I wrote about the danger of Delta while it was still just a problem for India. Regular readers may recall my comment about it coming to your town. We all know the tune for old folks and those with other illness at this point but it is important to understand that there is more to the story. A booster is now available to some and I see questions about whether it is a good idea to get it. I've had the booster but before I tell you my results lets step back and ask if the risks we face are the same with Delta as they were with our old chum Wuhan. A good measure is dying so a look at some case fatality rates might be fun.
Dr William Ku looked at the Florida deaths and compared deaths overall by age to those after Delta became the dominant strain. I was frankly shocked. I've written about how covid works and here is a link if that is of interest.
The important point in this chart is the under 16 age group. Clearly delta is bad for all of us but the red bar shows that it is nearly 4 times more dangerous for kids. That is still not huge but a clear warning. This is not your grandma's coronavirus.
OK, so about the booster. I do clinical trials so I've had the benefit of some regular testing as someone with a compromised immune system. My antibody level was 24 after my two shot Pfizer series. We hear all the time that they can't tell us what level of antibody is needed but I was freaked out that mine was so low. Other people had reported levels over 250 and 600 and 1,000 so mine were pitiful in comparison. As Delta swept into town and our ICU beds reached capacity it was a real concern for me as a cirrhosis patient.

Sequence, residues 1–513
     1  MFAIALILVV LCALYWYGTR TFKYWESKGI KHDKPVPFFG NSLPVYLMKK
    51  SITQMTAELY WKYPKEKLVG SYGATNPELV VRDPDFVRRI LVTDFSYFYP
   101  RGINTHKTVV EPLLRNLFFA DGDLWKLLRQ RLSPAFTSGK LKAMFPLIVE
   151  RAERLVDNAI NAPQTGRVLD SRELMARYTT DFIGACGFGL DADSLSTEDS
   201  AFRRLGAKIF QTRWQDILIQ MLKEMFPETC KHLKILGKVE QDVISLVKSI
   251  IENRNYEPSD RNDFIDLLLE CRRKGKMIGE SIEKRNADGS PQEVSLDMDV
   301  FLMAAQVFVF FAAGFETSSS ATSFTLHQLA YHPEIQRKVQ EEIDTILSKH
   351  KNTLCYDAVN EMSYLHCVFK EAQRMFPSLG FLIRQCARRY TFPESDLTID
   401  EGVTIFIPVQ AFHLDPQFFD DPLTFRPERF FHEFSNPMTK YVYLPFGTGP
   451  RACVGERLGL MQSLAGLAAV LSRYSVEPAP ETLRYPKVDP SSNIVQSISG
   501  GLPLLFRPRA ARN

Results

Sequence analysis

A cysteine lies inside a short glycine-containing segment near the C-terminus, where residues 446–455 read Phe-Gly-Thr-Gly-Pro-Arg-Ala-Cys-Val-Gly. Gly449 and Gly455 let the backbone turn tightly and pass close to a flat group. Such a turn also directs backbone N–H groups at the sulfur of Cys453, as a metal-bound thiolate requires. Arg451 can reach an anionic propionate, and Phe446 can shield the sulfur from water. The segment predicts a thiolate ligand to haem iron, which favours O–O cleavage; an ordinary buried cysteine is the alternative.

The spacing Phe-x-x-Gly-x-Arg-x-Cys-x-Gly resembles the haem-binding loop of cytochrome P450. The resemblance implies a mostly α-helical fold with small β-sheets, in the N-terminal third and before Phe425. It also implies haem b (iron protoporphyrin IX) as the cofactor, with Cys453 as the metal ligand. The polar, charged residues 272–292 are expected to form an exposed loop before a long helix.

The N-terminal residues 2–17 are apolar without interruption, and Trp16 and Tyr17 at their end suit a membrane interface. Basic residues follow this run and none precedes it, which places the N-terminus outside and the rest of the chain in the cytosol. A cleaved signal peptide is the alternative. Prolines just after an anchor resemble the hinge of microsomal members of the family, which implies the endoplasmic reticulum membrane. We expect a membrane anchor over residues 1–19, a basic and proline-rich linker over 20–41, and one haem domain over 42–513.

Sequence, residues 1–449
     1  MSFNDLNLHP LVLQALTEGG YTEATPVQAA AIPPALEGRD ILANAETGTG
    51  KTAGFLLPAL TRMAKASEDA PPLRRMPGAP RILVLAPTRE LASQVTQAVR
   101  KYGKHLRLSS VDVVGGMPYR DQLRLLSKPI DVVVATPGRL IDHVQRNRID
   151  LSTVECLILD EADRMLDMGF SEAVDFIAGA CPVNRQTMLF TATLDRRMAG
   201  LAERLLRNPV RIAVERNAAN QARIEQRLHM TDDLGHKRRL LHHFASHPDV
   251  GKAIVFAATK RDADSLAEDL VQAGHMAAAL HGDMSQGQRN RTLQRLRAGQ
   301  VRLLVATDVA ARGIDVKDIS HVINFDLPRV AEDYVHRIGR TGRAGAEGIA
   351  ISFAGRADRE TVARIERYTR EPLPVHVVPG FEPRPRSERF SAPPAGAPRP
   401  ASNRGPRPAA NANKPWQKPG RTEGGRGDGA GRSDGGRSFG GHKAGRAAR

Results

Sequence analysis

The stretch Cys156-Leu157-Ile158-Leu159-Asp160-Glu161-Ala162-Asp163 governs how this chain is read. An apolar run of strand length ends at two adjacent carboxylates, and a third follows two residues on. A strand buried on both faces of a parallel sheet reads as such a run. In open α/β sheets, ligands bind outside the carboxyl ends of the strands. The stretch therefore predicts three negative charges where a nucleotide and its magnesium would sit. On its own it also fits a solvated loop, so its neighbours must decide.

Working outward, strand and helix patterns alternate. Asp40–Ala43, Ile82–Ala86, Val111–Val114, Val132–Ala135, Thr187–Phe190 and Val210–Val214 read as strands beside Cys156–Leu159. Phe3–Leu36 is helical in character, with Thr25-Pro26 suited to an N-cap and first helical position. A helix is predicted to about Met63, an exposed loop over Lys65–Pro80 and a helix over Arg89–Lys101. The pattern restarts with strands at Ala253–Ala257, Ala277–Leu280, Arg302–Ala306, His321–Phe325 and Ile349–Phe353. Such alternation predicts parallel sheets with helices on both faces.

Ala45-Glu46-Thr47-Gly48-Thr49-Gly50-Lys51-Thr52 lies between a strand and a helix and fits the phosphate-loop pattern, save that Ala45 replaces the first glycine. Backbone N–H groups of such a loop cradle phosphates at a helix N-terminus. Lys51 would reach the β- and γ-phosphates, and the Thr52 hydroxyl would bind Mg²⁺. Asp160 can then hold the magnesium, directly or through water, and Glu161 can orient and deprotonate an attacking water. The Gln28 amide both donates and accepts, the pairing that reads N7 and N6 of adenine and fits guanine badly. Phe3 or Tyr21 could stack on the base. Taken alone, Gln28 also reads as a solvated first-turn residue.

The day the booster became available I was literally the very first in line at my local Walgreen. They didn't even have the paperwork or instructions from CDC yet. To their credit the staff there disrupted their entire morning process to figure out what to do and to give me the booster. I was certainly among the first in our time zone to get the shot.
Waiting for enough time to pass for a response to become effective was stressful. It reminded me of those last few weeks before a baby is due. Drama queen, I know, but having had family and friends die of covid and working in the patient community with people who suffer horribly with long covid you will just have to give me a break here. Anyone who has risk factors and doesn't fear this virus doesn't view life in any way that I recognize.
Anyway, I was finally able to get an antibody test and SHAZAAM, over 2,500. The scale only goes to 2,500. I had been told by Johns Hopkins that they had seen values of over 2,500 but a total surprise. In fact I had it done again the next day as a check as it didn't seem possible that someone like me could mount that kind of defense.
Now, the docs will continue to say that we don't know how much it takes and I get that but like money more is doubtless better. So why tell you this story? The booster can work. Get it if you can. Everyone is different and your results may be quite different but delta is clearly more dangerous and new variants are arising all the time. Its a bit like playing football. Would you play without a helmet if one was offered?